In time for the 1950 Smithfield Show the company introduced the Super Cropmaster, with a 3 5/8” bore TVO engine which delivered a power range of 35-37.5 brake horse power. The tractor featured large section tyres, and tin-work which had distinctive full-engine side panels with grill vents. One of the tin-work fitters, Albert Haigh, recalls them as being called ‘the fishy tractors’ in the factory because the vents looked more like the gills on a big shark’. A novel introduction brought about from a demand in the Canadian market, saw the inclusion of a rain-trap in the exhaust/silencer unit.
In all, approaching 5,000 Super Cropmasters were built before they were discontinued at the end of 1952. As there was a demand for low-clearance and narrow tractors, there was also an emerging demand for tractors with a high clearance, and as a consequence of this demand the Prairie version of the Cropmaster emerged in October 1951. Tom Lazenby recalls the introduction of this variant; ‘When we brought in the Prairie tractor it was aimed at the Canadian and United States market, and we had to make it look a bit different.
So we got round a few ideas and tarted up the tractor; you know, different wings, wide mudguards and single seats, which we hoped would kid the Americans that we’d got something really special for them.’ The Prairie model did have a very striking appearance, a fact which was much remarked on when it appeared (once again) in time for the Smithfield Show that December. A 34.5 BHP diesel version was brought out the following autumn, and unlike the Vineyard diesel these sold reasonably well. In fact the Cropmaster Prairie Diesel actually accounted for about a third of the total production figures of this dependable variant.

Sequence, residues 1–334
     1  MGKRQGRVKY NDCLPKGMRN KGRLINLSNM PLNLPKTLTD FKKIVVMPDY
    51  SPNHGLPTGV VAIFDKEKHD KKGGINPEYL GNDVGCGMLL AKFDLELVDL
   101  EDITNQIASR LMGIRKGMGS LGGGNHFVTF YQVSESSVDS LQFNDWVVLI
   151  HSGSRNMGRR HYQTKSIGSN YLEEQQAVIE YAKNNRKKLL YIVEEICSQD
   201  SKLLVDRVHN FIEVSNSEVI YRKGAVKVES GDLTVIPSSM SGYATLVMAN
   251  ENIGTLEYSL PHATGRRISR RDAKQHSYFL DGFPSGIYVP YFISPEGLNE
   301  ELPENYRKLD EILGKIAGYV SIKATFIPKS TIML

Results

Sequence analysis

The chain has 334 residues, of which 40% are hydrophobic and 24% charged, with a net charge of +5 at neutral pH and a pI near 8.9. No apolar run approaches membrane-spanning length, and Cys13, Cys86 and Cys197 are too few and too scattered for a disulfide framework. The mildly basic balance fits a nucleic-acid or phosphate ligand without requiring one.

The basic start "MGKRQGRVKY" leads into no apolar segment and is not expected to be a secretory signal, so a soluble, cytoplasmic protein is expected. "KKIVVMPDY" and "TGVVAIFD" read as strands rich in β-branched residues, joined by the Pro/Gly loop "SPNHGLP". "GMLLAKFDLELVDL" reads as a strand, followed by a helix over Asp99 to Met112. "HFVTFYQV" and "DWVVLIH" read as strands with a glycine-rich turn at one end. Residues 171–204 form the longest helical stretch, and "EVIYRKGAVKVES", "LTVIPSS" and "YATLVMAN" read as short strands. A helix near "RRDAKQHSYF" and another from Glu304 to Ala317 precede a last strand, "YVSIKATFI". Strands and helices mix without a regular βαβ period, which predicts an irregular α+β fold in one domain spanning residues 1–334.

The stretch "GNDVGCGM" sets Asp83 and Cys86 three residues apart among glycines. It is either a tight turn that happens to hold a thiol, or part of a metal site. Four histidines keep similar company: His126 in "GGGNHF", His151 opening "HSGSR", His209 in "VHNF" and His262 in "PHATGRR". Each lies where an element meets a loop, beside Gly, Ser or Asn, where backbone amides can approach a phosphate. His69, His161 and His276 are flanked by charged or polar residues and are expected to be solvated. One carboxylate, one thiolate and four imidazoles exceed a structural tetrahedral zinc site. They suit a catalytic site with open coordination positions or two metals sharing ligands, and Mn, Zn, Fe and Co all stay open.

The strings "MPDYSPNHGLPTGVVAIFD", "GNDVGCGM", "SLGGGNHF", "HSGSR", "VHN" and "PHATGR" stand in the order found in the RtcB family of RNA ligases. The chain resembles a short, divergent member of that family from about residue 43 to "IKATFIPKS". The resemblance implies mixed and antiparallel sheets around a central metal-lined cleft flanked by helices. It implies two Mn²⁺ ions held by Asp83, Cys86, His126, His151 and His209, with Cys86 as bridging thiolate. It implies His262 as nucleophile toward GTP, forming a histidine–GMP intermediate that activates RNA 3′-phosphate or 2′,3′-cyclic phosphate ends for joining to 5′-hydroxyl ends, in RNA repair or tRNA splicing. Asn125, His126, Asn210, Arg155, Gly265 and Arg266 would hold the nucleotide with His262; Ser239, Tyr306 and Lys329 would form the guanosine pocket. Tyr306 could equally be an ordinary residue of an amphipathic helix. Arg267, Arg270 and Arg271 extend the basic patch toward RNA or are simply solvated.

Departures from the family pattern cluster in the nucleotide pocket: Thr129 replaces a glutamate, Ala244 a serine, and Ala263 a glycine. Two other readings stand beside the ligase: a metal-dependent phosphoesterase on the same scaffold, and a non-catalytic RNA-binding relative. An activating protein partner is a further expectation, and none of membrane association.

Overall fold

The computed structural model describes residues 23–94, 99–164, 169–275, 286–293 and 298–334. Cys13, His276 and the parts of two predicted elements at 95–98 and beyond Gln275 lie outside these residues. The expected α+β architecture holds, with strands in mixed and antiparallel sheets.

Other versions of the Cropmaster appeared in industrial form as the Taskmaster and as a tracked version called the Trackmaster, both of which feature elsewhere in this book.
In all 59,800 Cropmasters were produced before they were superseded by stripped down versions which appeared in 1953 in response to competition brought about by the mass production of Ford and Ferguson tractors.